Students walk to classes to pursue their education at the University of South Florida college campus quad in Tampa, Florida, USA on January 15, 2020. Photo and Caption: Leigh Trail/Shutterstock.com
Over the last four years, the Florida education system has maintained tuition levels while ensuring Florida’s higher education system is the best in the country. The price of a bachelor’s degree at Florida’s public colleges is currently the lowest in the nation, according to the College Board’s most recent “Annual Trends in College Pricing” study. Since the publication of its rankings in 2017, U.S. News & World Report has ranked Florida as the top state for higher education overall, as well as the top state for tuition and fees.
“A college degree should not put our students into a lifetime of debt,” said Governor Ron DeSantis. “Florida’s public college and university system is number one in the country because we put students first and this achievement proves we are on the right track. We will continue to prioritize offering a world-class education at an affordable price, providing the greatest value for our students.”
After accounting for Florida’s investment in Bright Futures and other financial aid, the typical State University System student pays less than $3,400 for a bachelor’s degree, showing a decrease five years in a row. While tuition and fees nationwide increased by 17 percent, they have remained unchanged in Florida since 2014-2015.
The State University System recently reported that graduation rates had increased by 12% over the previous five years and that the cost of a bachelor’s degree had decreased by 49% annually for students. With 12 state colleges and more than 430,000 students, Florida’s State University System is the second-largest in the country.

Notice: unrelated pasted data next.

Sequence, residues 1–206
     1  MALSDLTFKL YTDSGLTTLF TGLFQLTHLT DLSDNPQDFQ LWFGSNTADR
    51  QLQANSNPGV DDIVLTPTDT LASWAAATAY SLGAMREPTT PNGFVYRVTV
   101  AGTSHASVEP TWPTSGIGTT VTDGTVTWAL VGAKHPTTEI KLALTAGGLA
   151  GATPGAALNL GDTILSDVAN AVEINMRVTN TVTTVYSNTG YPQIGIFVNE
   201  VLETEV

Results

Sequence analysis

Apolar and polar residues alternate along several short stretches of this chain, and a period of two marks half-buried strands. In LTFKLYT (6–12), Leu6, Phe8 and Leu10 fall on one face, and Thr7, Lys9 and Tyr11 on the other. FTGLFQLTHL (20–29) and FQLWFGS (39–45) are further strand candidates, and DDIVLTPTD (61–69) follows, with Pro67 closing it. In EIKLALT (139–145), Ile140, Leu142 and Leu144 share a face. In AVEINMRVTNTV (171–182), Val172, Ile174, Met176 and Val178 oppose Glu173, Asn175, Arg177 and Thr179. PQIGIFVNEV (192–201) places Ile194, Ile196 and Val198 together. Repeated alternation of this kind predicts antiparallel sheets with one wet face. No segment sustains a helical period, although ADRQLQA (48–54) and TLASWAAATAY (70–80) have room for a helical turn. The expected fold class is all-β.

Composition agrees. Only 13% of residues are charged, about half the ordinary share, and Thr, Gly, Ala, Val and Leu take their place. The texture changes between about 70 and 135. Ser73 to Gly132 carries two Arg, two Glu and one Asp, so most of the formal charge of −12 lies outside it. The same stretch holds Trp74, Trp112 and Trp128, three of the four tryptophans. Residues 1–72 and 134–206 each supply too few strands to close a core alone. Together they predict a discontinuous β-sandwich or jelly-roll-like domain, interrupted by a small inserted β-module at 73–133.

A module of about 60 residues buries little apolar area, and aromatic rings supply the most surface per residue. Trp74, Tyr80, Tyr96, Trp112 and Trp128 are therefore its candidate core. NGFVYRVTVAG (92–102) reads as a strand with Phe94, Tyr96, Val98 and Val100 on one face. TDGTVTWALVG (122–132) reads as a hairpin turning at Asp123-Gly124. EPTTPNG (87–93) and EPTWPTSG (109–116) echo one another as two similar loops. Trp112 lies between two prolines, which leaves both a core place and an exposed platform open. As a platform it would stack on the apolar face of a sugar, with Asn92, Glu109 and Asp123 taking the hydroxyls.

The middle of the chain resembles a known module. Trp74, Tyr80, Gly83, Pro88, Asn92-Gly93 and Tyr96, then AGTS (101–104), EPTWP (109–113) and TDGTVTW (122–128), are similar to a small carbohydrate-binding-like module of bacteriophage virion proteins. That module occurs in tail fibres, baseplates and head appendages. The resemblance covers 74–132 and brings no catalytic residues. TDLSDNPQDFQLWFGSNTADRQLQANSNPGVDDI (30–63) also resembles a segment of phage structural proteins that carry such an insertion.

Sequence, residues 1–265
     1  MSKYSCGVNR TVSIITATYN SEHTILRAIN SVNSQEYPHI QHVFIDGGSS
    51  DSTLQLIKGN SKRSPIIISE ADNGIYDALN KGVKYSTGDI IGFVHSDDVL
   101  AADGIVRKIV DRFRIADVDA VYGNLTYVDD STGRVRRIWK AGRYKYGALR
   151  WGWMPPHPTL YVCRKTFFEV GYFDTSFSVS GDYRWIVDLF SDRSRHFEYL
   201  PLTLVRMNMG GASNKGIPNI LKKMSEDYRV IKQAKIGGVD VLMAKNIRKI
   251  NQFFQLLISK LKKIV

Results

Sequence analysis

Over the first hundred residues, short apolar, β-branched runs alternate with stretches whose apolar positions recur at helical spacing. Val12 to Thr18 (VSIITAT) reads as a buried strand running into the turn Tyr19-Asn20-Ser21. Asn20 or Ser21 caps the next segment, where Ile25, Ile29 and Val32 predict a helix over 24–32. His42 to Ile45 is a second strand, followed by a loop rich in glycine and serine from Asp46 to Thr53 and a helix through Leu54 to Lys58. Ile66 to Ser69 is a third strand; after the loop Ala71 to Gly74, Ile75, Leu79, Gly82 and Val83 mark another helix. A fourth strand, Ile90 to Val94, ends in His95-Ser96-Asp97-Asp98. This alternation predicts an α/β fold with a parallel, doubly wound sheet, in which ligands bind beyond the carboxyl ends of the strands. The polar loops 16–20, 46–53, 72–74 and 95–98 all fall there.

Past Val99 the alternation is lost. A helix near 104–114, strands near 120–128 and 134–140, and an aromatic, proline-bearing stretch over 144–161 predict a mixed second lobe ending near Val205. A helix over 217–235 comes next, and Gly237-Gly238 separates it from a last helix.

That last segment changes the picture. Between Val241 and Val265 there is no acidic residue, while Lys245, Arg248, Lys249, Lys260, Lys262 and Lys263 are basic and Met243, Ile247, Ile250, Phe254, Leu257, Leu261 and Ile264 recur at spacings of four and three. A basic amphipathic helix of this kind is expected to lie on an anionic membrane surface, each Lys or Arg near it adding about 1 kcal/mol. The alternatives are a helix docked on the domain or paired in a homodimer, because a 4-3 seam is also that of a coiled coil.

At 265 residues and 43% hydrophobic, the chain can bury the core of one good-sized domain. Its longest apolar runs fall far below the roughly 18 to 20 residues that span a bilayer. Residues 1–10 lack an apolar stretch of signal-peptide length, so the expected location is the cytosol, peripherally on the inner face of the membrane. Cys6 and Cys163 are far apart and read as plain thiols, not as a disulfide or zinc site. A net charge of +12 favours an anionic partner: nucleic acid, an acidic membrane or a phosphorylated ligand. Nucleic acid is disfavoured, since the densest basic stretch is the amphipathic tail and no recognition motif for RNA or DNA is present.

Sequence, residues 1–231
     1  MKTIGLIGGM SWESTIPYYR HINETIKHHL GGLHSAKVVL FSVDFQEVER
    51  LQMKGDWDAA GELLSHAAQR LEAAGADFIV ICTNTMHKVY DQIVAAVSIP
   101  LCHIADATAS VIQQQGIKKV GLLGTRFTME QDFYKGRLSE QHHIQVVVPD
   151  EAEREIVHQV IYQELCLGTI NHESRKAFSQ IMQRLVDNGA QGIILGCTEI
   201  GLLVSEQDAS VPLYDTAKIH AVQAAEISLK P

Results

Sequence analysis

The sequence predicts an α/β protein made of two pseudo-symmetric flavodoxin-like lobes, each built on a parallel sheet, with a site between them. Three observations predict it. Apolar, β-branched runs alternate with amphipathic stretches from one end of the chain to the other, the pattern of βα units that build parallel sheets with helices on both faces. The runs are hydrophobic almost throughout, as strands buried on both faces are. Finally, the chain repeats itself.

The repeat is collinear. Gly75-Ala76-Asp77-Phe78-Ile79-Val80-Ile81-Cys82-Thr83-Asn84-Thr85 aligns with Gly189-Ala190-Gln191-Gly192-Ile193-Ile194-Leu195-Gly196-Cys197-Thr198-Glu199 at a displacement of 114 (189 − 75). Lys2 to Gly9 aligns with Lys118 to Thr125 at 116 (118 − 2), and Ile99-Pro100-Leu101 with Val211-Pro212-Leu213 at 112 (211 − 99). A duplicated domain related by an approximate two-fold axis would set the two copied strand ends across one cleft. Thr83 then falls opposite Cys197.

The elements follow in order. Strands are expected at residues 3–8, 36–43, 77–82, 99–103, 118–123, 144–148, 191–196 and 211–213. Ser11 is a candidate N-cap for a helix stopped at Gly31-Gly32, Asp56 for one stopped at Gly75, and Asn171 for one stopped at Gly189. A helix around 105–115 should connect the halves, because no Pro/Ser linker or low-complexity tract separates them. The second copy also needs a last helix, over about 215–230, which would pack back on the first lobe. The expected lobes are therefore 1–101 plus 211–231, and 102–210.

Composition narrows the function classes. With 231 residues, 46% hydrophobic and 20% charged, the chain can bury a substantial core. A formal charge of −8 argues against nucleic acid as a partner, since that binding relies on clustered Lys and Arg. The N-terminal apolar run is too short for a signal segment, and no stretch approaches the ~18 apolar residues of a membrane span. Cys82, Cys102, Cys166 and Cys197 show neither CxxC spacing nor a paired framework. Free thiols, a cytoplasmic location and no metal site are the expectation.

“The significant investments the governor and legislative leaders have made in higher education are pivotal to holding down the tuition and fee costs for Florida’s students, even as they rise across the country,” said Brian Lamb, Chair of the Board of Governors. “This success reflects the emphasis our Board and university leadership have placed on accountability, performance, and cost, all of which attract the best and brightest students who seek the exceptional educational experience Florida’s institutions offer.”
Florida’s 12 public institutions have kept costs down and cut the number of student loans required to graduate, despite efforts by the federal government to shift the expense of student debt onto taxpayers. Over 17,000 fewer resident undergraduate students within the State University System took out loans in 2020–21 than in 2019–20, and 75 percent of resident undergraduate students did not take out any loans.
Fewer resident undergraduate students are taking out loans, and loan default rates are reduced as a result of enhanced financial aid, including Bright Futures and the Florida Student Assistance Grant, higher graduation rates, and consistently affordable tuition.
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Chris began his writing as a hobby while attending Florida Southern College in Lakeland, Florida. Today he and his wife live in the Orlando area with their three children and dog.